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Treaty education 'a path to greater harmony'

Contributor:
Fuseworks Media
Fuseworks Media

Strengthening Treaty of Waitangi education in our schools can provide a path to greater inter-ethnic and religious harmony in New Zealand, claims Veronica Tawhai, a Treaty educator from Massey University, Palmerston North. Her comments follow the recent desecration of Jewish graves at a cemetery in central Auckland, which Ms Tawhai says is not only a grievous breach of human rights but contrary to the guarantees made in the Treaty.

"Many people think the Treaty is a divisive document which gives unfair privileges to some people over others" states Ms Tawhai. "Rather, Te Tiriti o Waitangi (the Treaty of Waitangi) is in many ways a human rights document which all New Zealanders can draw support from. That support includes the promise of peace, freedom of religion for all who live in our country and respect by all of that freedom".

Article four of the Treaty of Waitangi, known as the Oral Article because it was not written into the Treaty document but incorporated orally at the signing, protects the rights of all New Zealanders to their cultural, spiritual and religious identities and beliefs. It guaranteed:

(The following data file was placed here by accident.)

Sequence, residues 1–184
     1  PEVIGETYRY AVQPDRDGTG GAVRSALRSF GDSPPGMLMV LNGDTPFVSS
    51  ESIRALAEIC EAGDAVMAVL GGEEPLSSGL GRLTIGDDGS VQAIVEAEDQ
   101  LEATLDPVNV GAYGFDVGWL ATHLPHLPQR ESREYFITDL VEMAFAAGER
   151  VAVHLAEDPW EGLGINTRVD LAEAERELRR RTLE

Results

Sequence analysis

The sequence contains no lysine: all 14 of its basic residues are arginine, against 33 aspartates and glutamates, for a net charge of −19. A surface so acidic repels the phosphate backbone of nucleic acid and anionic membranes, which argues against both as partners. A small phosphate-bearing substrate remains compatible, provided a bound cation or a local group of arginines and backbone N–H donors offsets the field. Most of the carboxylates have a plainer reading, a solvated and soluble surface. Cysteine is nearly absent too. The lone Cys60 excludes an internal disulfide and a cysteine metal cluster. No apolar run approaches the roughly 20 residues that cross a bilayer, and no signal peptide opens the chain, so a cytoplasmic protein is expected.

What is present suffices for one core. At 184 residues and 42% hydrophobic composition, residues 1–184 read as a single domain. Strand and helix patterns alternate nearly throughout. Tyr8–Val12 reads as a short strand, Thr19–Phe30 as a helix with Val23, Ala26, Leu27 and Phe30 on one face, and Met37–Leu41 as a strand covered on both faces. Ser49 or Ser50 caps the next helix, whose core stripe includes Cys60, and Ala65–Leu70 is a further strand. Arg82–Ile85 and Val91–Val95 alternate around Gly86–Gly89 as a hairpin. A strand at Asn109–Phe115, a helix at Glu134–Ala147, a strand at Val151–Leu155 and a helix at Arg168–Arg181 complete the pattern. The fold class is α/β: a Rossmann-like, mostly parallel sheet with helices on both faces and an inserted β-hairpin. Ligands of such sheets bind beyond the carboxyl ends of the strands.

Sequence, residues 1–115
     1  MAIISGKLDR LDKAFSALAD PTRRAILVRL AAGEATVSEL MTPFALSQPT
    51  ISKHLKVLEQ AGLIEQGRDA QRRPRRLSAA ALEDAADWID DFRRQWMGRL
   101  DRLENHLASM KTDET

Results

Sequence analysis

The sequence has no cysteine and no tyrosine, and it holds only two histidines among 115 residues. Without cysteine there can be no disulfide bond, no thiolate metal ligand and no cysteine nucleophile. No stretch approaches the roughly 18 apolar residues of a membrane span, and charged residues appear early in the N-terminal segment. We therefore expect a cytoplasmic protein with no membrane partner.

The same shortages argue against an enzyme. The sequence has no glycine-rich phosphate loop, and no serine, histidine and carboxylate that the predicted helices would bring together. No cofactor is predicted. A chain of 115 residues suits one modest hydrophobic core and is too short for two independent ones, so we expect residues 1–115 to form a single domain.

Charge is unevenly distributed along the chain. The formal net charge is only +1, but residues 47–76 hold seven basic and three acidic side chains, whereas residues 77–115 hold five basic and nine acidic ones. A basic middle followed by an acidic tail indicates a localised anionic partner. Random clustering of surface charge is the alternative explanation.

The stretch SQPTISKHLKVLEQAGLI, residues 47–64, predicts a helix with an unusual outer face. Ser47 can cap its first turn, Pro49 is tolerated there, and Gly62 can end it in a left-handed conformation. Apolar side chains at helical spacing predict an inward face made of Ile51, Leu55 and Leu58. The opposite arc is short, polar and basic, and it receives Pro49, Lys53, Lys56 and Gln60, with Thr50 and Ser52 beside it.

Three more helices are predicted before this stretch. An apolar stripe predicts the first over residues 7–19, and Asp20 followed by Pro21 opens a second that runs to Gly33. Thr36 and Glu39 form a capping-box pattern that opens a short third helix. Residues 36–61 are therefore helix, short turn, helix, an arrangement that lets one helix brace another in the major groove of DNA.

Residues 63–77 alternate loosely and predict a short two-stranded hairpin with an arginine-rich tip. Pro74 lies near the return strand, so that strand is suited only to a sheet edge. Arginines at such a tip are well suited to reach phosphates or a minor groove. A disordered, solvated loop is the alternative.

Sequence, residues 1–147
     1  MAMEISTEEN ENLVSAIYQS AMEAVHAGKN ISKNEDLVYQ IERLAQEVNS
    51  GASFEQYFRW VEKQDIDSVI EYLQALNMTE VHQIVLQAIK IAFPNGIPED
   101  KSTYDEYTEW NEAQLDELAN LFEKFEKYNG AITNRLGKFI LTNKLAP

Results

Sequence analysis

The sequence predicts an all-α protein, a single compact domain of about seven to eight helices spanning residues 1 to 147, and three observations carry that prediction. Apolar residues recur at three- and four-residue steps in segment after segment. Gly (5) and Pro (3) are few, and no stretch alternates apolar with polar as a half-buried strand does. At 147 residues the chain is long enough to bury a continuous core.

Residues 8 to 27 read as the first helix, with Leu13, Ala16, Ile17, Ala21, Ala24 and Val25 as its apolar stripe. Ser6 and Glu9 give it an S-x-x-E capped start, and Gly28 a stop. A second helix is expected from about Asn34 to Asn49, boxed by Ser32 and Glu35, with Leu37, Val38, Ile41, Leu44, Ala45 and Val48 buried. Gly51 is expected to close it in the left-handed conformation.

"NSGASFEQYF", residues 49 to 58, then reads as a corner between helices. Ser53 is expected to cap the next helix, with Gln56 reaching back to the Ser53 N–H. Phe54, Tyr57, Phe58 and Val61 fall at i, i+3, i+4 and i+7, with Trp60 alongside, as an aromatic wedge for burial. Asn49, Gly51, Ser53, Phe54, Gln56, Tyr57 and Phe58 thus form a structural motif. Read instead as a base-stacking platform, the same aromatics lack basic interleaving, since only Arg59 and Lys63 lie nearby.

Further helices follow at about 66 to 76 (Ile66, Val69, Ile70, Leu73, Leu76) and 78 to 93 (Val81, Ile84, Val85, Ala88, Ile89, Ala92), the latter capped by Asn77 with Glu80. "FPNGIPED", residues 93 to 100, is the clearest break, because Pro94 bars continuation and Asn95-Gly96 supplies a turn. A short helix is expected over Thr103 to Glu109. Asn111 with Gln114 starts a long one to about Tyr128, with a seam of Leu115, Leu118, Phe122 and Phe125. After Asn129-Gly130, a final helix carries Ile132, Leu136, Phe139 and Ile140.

"ko nga whakapono katoa o Ingarani, o nga Weteriana, o Roma, me te ritenga Maori hoki e tiakina ngatahitia e ia [te Kawana]", or in English, "the several faiths of England, of the Wesleyans, of Rome and also Māori custom shall alike be protected by him [the Governor]".

Strengthening the knowledge and confidence of New Zealanders about the Treaty of Waitangi - why it was signed, what it imparts and how it is applied today - can therefore encourage greater tolerance and unity amongst New Zealanders of diverse ethnic and religious backgrounds, urges Tawhai. One important focus area for this type of education is the compulsory schooling sector.

"We must strengthen teaching and learning about the Treaty particularly in our schools at the senior levels where students are deepening their understanding of equality, diversity, and thinking about what type of country we want to live in".

"If we are committed to a society free from discrimination, we must invest today in creating a more harmonious future - ensuring our children are educated about the Treaty is such an investment" concludes Tawhai.

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